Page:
Luke 9:11b-17
Paul and the Eucharist by Rev. Jack Peterson
Reprinted with permission of "The Arlington Catholic Herald"

Home Page
To Sunday Gospel Reflections Index

Written to explain that
Christ came to save everyone.

Jesus spoke to the crowds about the kingdom of God, and he healed those who needed to be cured.  As the day was drawing to a close, the Twelve approached him and said, "Dismiss the crowd so that they can go to the surrounding villages and farms and find lodging and provisions; for we are in a deserted place here."  He said to them, "Give them some food yourselves,"  They replied, "Five loaves and two fish are all we have, unless we ourselves go and buy food for all these people."  Now the men there numbered about five thousand.  Then he said to his disciples, "Have them sit down in groups of about fifty."  They did so and made them all sit down.  Then taking the five loaves and the two fish, and looking up to heaven, he said the blessing over them, broke them, and gave them to the disciples to set before the crowd.  They all ate and were satisfied.  And when the leftover fragments were picked up, they filled twelve wicker baskets.

St. Paul's discussion of the Eucharist in the First Letter to the Corinthians is highly significant for Christians because it confirms the importance of the Eucharist for the life of each Christian, and it deepens our understanding of this great mystery, especially as a memorial celebration.

The Eucharist is the Lord's greatest gift to His Church because it is the gift of Himself: "This is my body."  It is the most important way in which the Lord fulfills His promise to remain present to His flock until the end of time.  Consequently, it is the source and summit of our Christian lives.

Our understanding of the Eucharist begins with the institution narratives in Matthew, Mark and Luke.  That understanding is deepened by the ancient signs in the Old Testament that prefigure the Eucharist, such as the sacrifice of Isaac, the paschal lamb and the manna in the desert.  Our understanding is further deepened in the New Testament by the bread-of-life discourse in the sixth chapter of John's Gospel and in Paul's writings in the First Letter to the Corinthians.

St. Paul's testimony is particularly important because he is an additional source for our teaching on the Eucharist as he states clearly that his knowledge and understanding of the Eucharist came directly "from the Lord."  He did not rely upon a presence at the Last Supper like Matthew and John because he was not there.  He converted after Jesus' ascension.  Nor was Paul a disciple of Peter or any of the Gospel writers.  Plus, it is generally held by Scripture scholars that Paul wrote this letter before the Gospel writers penned their inspired works.  Still, his description of the institution of the Eucharist on the night Jesus has handed over correlates beautifully with the accounts in the Gospels.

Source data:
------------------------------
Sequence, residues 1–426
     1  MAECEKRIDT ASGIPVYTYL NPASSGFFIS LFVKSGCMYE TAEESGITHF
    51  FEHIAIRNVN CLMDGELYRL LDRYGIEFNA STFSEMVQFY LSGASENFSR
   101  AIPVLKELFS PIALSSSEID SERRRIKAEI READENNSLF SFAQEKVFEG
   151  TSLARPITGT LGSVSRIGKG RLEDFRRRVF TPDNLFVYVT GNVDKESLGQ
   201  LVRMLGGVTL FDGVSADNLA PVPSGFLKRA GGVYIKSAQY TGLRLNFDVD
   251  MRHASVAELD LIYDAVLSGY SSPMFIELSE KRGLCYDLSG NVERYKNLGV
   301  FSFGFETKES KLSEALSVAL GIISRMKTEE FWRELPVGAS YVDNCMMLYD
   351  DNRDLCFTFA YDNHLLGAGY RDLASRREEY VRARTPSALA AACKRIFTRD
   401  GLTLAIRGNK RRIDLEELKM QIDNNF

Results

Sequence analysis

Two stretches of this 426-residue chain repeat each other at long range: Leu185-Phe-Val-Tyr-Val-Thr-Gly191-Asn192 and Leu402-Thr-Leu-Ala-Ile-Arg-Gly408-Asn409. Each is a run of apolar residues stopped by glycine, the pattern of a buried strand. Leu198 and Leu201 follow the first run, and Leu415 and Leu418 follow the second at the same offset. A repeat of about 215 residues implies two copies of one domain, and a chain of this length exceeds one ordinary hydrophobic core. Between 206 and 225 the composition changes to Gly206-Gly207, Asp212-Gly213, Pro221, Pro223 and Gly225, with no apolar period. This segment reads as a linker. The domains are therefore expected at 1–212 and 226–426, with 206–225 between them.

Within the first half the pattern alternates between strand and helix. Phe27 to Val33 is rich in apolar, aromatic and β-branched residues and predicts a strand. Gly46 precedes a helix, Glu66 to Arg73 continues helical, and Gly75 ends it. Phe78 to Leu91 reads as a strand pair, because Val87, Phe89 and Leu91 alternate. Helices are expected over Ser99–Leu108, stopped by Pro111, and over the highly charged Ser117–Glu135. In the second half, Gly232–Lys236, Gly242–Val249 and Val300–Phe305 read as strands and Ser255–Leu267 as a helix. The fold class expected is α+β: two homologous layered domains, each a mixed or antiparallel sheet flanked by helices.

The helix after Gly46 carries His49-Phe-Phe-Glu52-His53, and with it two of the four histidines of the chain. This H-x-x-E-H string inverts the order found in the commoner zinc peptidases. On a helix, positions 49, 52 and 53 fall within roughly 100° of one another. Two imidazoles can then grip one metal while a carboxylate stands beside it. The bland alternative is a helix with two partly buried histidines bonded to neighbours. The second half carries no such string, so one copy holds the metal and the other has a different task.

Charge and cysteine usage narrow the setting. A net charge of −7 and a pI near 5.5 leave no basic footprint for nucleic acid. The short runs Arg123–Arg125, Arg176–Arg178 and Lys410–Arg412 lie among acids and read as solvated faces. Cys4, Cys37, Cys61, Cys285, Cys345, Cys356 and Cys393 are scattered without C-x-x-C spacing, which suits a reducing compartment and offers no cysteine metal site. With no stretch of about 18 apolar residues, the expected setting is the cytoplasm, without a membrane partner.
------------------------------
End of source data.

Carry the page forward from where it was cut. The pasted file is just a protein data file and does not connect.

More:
Jesus was greatly interested in handing on to His followers at the end of His life a divinely inspired way to remember His love and His saving work.  "Do this in remembrance of me."  Jesus' last days on earth made up the Father's masterpiece,  His greatest work.  Jesus, the second Person of the Holy Trinity, became sin for us, suffered and died on a tree between two criminals.  This sacrifice, coupled with the ensuing resurrection, encapsulated the greatest act of love that the world has ever known. Jesus chose not to leave it up to us to celebrate that supreme act of self-giving.  So He left us a memorial.  He gave us the Eucharist.

The truths taught by God and proclaimed by Christians are unique on numerous fronts.  They state that almighty God stooped down to earth and fully embraced our humanity.  They state that God suffered greatly at the hands of His creatures.  Specifically, Jesus was handed over, arrested, put through a false trial, unjustly accused, scourged, mocked and nailed to a cross.  These truths demonstrate that His love for us is beyond all description and that He would stop at nothing in order to bring us healing, reconciliation and new life that will last unto eternity.  Jesus wanted us to have a simple, clear way to remember and proclaim these awesome deeds.  "For as often as you eat this bread and drink this cup, you proclaim the death of the Lord until he comes."

I want to finish with a prayer to assist us as we celebrate the great Solemnity of Corpus Christi.  Lord Jesus, through the graces of the Mass, increase my awareness and appreciation for the sacrifice that You made of Your life to the Father on my behalf.  Set on my heart a longing to be united with You through the precious gift of Holy Communion.  May I be a Christian who gratefully and joyfully proclaims your death because it brought me to new life.  May I rejoice in gathering together with my brothers and sisters in the Lord each Sunday to worship You, honor You and give You thinks.  May I leave Mass with an urgent sense that I have been sent out to share the wonders of your love with a broken world.  Amen.

 Please consider a tax deductible gift to support this web site.

Home Page
To Sunday Gospel Reflections Index